Although the passing mark of a GAT test is 50, it is a few tens short of a scholarship-winning score. The competition for Commonwealth Scholarships is fierce which means that just passing the test won’t help the cause. You should set your eyes on a score that is between 80 and 90. The nomination is based on quota which means that the merit for provinces that have more competition is usually higher. The usual merit cut-off scores are: Punjab 85- 87, Sindh(Urban) 82-84, KPK 82-84, Sindh(Rural) 78-80, Balochistan

78-80, FATA/GB 78-80. These are rough guidelines and actual cut-off scores every year may differ. Nevertheless, your goal must be to score above 85 to give yourself a good chance of getting nominated.

In my experience, there are two things in the test that would either make or break your score; time management and the analytical section. The difficulty level of the test is such that under no time limitation, you won’t come across many questions that you won’t be able to answer but the trick is to be able to make conscious attempts at all 100 questions during that 2-hour time window. Majority of the people struggle with time management in the test and end up blindly guessing a good 15-20 questions, at which point it’s highly unlikely for them to get a winning score. Secondly, the analytical section that is 40% of the total weightage constitutes a major percentage of the test. The questions are structured such that around 5-6 questions usually relate to one particular scenario which means that if you don’t understand the scenario clearly, there is a chance that you might end up answering most of them wrong. So essentially, if you learn to deal with scenario-based questions and you learn to finish the test in time (given that you already have a reasonable command of the English language and basic maths), you can significantly improve your chances of a high score.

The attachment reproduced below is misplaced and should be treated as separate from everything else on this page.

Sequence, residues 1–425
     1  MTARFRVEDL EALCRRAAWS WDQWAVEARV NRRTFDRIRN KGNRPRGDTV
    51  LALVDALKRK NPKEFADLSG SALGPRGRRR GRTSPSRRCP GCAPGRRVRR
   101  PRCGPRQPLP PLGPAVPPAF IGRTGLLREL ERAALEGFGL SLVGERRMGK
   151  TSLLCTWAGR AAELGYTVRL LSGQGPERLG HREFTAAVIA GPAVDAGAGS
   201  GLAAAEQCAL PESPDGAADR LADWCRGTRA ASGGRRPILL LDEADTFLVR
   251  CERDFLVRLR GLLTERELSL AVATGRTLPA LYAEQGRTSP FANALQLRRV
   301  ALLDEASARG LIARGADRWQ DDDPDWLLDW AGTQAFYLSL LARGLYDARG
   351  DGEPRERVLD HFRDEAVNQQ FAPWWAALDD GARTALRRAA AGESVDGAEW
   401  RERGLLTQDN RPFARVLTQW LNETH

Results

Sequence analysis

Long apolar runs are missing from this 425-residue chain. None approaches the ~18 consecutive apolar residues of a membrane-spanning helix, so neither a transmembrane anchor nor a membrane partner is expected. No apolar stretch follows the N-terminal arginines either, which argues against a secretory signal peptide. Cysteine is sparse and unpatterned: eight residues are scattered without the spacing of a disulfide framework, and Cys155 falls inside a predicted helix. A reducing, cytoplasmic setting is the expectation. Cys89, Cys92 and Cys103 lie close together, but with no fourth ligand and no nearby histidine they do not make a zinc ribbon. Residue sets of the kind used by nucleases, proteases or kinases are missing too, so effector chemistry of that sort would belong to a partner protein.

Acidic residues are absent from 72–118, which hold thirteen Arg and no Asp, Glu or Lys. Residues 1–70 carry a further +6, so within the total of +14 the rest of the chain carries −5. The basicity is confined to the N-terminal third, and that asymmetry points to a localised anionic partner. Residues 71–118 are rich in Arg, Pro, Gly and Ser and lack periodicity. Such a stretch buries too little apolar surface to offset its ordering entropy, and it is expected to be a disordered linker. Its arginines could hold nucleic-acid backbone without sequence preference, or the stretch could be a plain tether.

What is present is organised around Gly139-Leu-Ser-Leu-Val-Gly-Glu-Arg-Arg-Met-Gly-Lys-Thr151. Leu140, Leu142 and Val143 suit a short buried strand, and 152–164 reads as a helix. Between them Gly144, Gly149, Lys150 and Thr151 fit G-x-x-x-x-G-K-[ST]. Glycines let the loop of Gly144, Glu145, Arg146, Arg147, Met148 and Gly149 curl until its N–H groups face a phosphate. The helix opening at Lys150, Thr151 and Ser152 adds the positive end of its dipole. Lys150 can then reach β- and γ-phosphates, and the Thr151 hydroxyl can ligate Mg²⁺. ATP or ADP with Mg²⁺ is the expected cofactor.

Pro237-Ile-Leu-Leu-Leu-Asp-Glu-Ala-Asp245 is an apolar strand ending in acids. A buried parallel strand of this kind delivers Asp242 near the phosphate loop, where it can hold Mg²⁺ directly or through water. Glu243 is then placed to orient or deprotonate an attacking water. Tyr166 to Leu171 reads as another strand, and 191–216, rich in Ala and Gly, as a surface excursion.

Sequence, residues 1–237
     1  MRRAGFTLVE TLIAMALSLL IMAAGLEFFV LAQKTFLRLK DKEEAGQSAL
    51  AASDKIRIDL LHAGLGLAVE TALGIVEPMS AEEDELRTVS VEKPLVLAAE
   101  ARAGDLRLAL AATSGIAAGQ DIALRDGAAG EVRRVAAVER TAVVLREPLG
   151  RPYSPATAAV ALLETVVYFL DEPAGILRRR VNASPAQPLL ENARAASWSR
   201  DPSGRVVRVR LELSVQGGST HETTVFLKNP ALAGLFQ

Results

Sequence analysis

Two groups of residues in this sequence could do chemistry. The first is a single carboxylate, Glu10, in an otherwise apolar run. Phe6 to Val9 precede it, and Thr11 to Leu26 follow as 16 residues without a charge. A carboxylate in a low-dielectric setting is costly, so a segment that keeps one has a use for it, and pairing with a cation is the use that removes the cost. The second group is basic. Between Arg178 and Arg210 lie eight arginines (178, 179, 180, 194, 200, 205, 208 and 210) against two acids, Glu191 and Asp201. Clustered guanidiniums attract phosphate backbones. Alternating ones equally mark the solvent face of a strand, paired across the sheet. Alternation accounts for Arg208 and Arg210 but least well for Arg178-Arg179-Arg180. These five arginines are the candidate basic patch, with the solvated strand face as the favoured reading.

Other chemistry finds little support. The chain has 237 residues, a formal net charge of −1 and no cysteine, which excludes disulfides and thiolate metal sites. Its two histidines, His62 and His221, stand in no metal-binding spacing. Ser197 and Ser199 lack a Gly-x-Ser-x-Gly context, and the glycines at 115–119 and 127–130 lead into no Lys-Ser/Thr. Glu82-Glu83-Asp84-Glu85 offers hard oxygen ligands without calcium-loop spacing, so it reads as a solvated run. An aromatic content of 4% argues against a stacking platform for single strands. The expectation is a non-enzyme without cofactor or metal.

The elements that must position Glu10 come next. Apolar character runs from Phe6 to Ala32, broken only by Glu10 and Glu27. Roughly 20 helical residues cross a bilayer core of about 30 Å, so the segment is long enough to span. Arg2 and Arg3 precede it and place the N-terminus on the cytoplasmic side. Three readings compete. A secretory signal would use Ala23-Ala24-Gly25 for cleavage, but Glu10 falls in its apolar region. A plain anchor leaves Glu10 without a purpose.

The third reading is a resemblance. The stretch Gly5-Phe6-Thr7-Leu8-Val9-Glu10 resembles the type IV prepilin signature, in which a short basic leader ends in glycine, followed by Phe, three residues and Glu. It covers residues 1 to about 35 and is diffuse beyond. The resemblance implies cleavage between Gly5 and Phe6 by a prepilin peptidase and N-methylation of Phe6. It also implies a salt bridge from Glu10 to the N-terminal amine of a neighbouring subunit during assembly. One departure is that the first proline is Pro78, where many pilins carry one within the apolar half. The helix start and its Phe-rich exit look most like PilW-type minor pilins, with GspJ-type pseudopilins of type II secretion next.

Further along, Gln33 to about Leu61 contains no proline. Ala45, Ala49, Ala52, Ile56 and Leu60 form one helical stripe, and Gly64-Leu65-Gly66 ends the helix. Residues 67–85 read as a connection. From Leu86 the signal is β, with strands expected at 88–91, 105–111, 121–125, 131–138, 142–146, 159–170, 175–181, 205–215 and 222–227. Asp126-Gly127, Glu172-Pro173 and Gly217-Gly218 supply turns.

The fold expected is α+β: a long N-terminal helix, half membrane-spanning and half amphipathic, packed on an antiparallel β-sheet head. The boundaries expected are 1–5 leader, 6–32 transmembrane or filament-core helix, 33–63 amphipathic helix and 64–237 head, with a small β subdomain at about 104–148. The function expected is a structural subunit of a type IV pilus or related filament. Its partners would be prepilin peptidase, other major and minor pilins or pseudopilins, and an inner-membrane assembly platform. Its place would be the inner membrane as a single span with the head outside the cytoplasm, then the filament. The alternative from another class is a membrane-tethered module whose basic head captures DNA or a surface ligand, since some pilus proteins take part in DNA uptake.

I have accumulated a list of tips and strategies that have helped me do well in the

test and that you can use too to improve your score.

During your preparation:

- Start early! Do not leave your preparation to the last minute. Identify your weak areas and work on them first.

- Figure out the number of sample test papers available to you. Solve one test

paper at the start of your preparation (you can do it without time limit) and check your scores for each section. This will help you to identify your weak areas. Work on your weak areas and leave the rest of the test papers for later when you are finished with your preparation. Do not randomly solve sample

test paper questions because that would defeat the purpose of leaving them for later to practice under timed conditions. Use the GRE Big Book and LSAT books if you feel the need to practice questions.

- Once you are satisfied with your preparation, open the sample test papers

and do each one of them under timed conditions. Make sure you are undisturbed throughout the whole test. By the end of your last practice test, if you manage to make conscious attempts at 95-100 questions within the